Fig. 87.—Third, or Horizontal Cut. Fig. 87.—Third, or Horizontal Cut.
Fig. 88.—Chiselling Operation. Fig. 88.—Chiselling Operation.

Cutting the Shoulders.—With regard to working the piece B, Fig. 81, place the wood against the bench stop or in the vice, and taking up a 34-in. chisel carefully cut away a small channel, as shown at Fig. 88; treat the other shoulder lines in a similar manner. If the marking knife or penknife blade has been used with a fair amount of pressure so as to score the fibres of the wood, this small channel, which is to form a guide for the saw, will quickly and easily be cut. Next place the wood in the vice or on the cutting board as shown at Fig. 89, and begin by sawing lightly at the back edge as shown. When the saw has entered the wood 14 in. gradually bring the handle down from position A to position B (dotted lines) whilst the saw is in motion. Continue sawing until just on the gauge line; then treat the other shoulder lines in a similar manner.

Fig. 89.—Sawing the Shoulders. Fig. 89.—Sawing the Shoulders.

Chiselling away Waste.—Fix your wood firmly in any suitable manner, vice or otherwise, and, holding your chisel tilted as at Fig. 90, pare away the blacked portion 1; then pare away the blacked portion 2; after which hold the chisel flat and by gradual operations pare away the dotted lines 3, until you come down to the gauge line; then repeat the method of cutting on the opposite side of the wood. If any difficulty be experienced by chipped or ragged edges whilst chiselling, it can easily be overcome by chiselling alternately from the outside of the wood, so that the finish of the chisel cut takes place in the centre of the work. Some prefer to chisel away the waste by placing the wood on its edge and using the chisel vertically instead of horizontally. The same methods (1, 2 and 3) hold good in this case.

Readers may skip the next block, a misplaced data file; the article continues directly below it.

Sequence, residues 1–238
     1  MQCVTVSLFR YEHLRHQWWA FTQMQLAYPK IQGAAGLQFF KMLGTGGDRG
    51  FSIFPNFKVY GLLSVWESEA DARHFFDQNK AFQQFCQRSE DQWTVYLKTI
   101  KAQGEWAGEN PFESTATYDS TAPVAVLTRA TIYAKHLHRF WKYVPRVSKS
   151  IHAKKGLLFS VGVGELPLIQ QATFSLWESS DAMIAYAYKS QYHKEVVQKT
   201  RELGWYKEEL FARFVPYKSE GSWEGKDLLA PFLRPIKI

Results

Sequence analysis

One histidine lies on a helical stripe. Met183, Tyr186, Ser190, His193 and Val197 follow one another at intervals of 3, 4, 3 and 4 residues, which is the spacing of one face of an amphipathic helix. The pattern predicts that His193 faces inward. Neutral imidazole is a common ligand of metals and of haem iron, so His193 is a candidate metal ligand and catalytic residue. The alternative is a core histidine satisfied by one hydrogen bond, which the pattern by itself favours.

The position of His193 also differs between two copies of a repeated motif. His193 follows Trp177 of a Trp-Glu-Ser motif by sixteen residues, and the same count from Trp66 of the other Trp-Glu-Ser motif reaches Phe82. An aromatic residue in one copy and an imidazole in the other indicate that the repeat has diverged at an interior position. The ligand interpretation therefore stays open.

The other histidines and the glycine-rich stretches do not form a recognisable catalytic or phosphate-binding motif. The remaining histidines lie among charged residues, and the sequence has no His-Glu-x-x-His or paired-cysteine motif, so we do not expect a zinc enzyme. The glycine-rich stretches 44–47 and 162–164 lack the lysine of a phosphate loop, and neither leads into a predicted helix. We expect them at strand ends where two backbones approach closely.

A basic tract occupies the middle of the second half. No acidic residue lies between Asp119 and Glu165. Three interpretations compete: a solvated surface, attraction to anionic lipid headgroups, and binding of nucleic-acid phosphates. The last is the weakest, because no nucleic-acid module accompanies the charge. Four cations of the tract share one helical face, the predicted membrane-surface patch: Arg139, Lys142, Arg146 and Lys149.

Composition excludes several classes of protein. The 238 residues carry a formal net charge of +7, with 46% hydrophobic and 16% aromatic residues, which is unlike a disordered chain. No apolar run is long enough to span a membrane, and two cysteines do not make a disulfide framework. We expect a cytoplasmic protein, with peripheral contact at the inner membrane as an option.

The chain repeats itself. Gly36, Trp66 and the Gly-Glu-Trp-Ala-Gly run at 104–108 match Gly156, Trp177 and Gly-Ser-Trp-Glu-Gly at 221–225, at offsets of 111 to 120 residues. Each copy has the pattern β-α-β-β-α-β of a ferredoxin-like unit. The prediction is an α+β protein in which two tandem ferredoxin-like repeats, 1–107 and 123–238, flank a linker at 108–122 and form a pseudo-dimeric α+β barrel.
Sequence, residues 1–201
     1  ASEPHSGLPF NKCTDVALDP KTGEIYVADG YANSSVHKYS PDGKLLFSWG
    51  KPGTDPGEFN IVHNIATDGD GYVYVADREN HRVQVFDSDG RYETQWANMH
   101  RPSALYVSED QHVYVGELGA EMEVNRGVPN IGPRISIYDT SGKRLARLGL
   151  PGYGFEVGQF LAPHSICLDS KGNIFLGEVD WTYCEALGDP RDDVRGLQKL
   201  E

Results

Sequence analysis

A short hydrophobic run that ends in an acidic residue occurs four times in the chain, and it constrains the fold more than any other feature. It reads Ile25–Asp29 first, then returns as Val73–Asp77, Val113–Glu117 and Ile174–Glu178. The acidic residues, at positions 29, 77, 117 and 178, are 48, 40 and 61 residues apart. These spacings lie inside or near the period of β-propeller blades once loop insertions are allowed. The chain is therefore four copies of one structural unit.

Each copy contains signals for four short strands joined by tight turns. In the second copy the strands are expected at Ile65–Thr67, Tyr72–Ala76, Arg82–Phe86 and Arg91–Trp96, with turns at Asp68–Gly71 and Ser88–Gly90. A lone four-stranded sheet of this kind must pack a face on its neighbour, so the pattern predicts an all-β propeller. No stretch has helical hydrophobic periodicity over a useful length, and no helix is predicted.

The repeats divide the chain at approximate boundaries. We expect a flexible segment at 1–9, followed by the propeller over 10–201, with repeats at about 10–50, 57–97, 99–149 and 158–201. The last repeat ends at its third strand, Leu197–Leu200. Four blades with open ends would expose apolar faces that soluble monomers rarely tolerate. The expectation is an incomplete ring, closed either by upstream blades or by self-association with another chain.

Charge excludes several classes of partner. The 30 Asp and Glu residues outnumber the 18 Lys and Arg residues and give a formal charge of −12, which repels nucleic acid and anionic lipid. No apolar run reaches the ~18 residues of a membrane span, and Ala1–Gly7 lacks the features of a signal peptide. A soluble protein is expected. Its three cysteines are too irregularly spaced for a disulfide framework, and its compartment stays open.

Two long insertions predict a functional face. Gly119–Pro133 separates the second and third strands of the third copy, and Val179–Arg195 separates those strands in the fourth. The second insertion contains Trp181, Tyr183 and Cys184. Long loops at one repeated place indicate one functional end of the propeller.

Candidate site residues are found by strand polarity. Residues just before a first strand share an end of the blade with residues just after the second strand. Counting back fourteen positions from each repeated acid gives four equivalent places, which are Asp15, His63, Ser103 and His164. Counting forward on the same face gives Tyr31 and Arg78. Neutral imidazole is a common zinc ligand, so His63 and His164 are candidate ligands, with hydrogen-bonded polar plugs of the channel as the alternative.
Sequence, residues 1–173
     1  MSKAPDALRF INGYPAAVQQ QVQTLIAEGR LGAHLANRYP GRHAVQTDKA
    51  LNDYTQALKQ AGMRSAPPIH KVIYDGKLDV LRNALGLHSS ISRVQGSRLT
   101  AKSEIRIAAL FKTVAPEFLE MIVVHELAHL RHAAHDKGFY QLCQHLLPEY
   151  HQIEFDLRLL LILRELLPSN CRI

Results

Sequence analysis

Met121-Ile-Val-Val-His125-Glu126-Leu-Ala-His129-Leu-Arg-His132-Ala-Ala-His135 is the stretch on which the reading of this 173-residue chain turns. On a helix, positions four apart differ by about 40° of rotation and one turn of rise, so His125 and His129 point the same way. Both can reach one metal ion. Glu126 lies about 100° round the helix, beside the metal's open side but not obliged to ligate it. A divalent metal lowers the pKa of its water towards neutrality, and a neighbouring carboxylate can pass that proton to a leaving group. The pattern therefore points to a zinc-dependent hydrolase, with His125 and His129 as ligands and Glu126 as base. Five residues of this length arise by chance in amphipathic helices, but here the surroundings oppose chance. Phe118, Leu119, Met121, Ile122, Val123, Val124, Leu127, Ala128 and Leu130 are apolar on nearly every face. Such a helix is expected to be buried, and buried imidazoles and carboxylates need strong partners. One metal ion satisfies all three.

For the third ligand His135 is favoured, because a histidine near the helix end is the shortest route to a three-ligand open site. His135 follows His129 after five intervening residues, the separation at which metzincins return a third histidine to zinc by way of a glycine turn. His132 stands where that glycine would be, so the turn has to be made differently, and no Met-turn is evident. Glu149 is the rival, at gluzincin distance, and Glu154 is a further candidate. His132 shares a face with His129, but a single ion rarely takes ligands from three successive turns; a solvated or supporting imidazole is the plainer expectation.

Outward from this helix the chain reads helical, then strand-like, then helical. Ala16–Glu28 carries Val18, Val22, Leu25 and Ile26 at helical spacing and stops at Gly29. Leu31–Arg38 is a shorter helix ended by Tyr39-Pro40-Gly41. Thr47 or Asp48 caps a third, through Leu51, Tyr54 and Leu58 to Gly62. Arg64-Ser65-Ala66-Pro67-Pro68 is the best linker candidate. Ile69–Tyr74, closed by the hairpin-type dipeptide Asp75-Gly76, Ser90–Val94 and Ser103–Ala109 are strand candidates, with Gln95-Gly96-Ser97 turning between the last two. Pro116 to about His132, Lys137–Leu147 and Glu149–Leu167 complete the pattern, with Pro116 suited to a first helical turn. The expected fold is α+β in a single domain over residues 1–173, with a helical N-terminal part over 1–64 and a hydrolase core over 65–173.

Fig. 90.—Chiselling away Waste. Fig. 90.—Chiselling away Waste.

Joints Other than at 90°.—The two pieces forming a bridle joint are not always at right angles, as at Fig. 81; in many instances it is necessary that the joint be at other than 90 degrees. The work, however, is treated in a similar manner, with the exception that an adjustable joiner's bevel is used instead of a try square to mark out the shoulder lines, and that a change of direction in the grain of the wood will occur when chiselling out the work. Fig. 91 indicates the change in the grain of the wood, and the adjustable joiner's bevel is also shown.

Fig. 91.—Bridle Joint at Angle other than Right Angle. Fig. 91.—Bridle Joint at Angle other than Right Angle.
Fig. 92.—Sawing off Waste from Bridle Joint.
(See reference on page 39.) Fig. 92.—Sawing off Waste from Bridle Joint.